FDA Green Lights Bristol-Myers Squibb Company, Johnson & Johnson HIV Pills

FDA Green Lights Bristol-Myers Squibb Company, Johnson & Johnson HIV Pills
January 30, 2015
By Jessica Wilson, BioSpace.com Breaking News Staff

The U.S. Food and Drug Administration (FDA) approved two similar HIV drugs on Thursday, one made by Bristol-Myers Squibb Company and the other by Johnson & Johnson . Both drugs are fixed-dose pills that combine protease inhibitors and a boosting agent produced by Gilead Sciences, Inc. .

Bristol-Myers’ drug Evotaz combines the protease inhibitor Reyataz, also known as atazanavir, and cobicistat, a pharmacokinetic enhancer made by Gilead. J&J’s drug Prezcobix combines the protease inhibitor Prezista, also known as darunavir, with cobicistat.

“We are pleased to provide physicians and patients with an important new option to treat HIV; atazanavir with cobicistat delivers sustained efficacy and safety through 48 weeks, as demonstrated through its rigorous clinical development plan, including a head-to-head Phase III trial,” said Murdo Gordon, head of worldwide markets at Bristol-Myers, in a statement. “Evotaz increases the possibility of providing HIV suppression by combining reduced pill burden with a low rate of virologic failure and zero protease inhibitor mutations.”

The big news for patients with HIV is that this approval makes available an effective treatment with one fewer pill. Research confirmed that Evotaz is bioequivalent to the co-administration of its components, Reyataz and cobicistat, when given with a light meal, according to Bristol-Meyers.

“Pharmacokinetic studies and a large clinical trial have demonstrated that we can expect the same atazanavir drug levels and clinical efficacy from Evotaz as with ritonavir-boosted Reyataz with one less pill,” said study investigator Joel Gallant, associate medical director of Specialty Services at Southwest CARE Center in Santa Fe, New Mexico, and adjunct professor of medicine in the Division of Infectious Diseases at the Johns Hopkins University School of Medicine.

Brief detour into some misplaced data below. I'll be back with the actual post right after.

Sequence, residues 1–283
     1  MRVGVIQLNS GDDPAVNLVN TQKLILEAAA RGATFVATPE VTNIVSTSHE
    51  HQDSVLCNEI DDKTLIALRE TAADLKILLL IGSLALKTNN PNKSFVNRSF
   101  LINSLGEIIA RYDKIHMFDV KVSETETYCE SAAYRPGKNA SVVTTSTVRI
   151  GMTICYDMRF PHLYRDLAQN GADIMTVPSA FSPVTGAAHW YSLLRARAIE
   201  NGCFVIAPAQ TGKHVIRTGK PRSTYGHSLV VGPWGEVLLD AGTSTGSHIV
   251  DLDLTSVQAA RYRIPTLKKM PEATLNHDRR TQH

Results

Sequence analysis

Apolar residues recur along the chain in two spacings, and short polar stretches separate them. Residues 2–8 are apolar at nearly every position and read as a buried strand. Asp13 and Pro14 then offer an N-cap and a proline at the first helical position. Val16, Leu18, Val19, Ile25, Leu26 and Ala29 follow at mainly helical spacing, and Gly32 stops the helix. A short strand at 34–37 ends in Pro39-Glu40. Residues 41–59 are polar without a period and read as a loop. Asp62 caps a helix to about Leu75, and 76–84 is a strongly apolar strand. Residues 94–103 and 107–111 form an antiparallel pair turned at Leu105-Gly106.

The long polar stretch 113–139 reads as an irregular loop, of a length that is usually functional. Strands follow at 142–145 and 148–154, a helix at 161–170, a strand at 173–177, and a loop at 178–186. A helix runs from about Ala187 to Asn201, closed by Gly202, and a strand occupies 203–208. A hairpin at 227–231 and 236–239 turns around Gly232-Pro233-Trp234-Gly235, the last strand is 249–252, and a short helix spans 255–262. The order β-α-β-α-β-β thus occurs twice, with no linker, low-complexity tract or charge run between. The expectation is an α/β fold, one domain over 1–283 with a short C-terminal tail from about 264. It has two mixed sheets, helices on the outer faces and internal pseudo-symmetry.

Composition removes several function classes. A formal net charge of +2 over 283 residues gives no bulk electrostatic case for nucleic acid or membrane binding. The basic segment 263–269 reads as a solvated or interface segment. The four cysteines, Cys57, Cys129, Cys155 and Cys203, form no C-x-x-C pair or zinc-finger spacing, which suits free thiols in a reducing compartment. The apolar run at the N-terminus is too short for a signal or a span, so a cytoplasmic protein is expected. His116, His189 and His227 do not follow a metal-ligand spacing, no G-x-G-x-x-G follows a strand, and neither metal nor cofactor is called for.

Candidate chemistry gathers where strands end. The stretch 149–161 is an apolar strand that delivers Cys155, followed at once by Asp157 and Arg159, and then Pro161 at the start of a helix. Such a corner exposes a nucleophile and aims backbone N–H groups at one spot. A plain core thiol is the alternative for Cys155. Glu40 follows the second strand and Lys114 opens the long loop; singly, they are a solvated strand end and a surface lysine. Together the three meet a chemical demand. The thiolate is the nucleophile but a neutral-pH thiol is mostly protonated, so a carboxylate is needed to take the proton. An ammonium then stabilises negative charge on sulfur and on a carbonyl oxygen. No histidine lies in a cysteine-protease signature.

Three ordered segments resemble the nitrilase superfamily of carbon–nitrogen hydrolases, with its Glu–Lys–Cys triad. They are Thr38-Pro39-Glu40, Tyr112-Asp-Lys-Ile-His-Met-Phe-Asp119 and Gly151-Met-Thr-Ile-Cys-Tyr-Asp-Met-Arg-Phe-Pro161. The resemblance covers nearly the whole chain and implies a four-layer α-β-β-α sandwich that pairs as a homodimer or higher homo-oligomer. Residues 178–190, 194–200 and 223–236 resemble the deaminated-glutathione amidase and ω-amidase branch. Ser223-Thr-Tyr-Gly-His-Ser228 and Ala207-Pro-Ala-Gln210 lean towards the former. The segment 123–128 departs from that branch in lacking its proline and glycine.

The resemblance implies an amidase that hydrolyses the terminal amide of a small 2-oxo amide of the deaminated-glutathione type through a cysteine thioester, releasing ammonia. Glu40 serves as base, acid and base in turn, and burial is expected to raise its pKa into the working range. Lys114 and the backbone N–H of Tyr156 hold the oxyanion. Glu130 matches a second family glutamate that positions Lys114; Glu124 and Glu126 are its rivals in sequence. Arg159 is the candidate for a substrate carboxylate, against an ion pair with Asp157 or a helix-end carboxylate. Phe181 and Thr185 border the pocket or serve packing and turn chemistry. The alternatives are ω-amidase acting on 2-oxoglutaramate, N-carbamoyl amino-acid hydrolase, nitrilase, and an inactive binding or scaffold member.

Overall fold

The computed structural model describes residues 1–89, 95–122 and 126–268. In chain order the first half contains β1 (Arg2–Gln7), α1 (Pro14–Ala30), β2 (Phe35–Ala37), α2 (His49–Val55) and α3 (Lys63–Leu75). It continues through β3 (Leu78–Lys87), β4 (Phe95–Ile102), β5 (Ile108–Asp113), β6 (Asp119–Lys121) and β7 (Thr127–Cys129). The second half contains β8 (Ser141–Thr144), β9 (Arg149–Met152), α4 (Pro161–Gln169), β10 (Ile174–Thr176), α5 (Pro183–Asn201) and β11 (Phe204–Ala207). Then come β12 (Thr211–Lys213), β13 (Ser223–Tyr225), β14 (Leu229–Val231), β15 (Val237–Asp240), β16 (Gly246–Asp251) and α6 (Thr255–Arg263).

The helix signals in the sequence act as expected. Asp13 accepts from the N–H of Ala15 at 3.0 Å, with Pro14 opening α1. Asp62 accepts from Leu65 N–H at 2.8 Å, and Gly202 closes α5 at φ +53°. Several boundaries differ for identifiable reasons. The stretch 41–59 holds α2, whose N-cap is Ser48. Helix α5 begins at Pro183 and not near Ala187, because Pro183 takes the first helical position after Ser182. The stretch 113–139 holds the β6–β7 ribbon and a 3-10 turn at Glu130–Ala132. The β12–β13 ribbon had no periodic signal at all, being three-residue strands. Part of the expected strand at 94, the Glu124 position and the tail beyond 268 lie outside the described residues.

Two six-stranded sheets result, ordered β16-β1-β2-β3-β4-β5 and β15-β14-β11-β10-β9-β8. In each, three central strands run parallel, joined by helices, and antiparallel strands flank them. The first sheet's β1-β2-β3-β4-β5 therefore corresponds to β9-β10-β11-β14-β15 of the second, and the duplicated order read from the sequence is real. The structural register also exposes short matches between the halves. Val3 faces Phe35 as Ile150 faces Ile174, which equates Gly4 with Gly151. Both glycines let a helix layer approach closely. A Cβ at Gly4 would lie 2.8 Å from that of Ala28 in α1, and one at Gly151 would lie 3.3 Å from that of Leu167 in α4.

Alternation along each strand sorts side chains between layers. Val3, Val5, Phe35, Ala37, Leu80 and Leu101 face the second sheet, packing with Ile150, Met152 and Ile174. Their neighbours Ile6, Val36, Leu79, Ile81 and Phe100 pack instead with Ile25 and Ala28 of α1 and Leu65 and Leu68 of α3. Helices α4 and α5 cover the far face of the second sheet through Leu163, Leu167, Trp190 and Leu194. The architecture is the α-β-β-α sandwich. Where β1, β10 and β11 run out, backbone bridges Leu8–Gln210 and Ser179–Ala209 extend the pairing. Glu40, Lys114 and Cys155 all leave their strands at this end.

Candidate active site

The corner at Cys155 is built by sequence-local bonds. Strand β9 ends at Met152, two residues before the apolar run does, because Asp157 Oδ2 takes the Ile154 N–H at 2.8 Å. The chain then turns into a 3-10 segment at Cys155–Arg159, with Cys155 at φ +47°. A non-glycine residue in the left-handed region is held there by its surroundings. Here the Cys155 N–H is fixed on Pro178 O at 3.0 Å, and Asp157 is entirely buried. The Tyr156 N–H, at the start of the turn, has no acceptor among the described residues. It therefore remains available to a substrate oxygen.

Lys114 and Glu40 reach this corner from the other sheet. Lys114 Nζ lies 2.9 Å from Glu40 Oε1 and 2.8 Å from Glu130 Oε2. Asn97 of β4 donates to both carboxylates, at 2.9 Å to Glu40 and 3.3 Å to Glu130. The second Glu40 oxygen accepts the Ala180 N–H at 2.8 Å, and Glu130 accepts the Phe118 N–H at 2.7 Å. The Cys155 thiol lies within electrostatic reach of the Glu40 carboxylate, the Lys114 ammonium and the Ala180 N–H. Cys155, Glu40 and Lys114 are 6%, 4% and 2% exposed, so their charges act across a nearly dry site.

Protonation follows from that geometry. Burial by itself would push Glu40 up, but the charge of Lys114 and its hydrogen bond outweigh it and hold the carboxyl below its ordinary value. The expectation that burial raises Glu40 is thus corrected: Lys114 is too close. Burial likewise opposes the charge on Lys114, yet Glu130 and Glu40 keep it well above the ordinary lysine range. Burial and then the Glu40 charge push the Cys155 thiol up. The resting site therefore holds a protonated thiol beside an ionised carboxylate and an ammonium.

Gilead Sciences has signed separate licensing agreements regarding cobicistat with Bristol-Meyers and with a subsidiary of J&J, the Ireland-based Tibotec Pharmaceuticals, in 2011. In both cases, Gilead retains sole rights for the manufacture, development and commercialization of cobicistat as a stand-alone product and for use in combination with other agents. Bristol-Meyers and J&J are each responsible for the formulation, manufacturing, registration, distribution and commercialization of the drug that contains cobicistat.

When Gilead announced the licensing agreement with J&J, Norbert Bischofberger, Gilead's executive vice president of research and development and chief scientific officer, emphasized that such partnerships represent a commitment to improve the lives of those with HIV. “This agreement represents another important step forward in our commitment to developing simplified treatment regimens that can help address the individual needs of people living with HIV,” he said.

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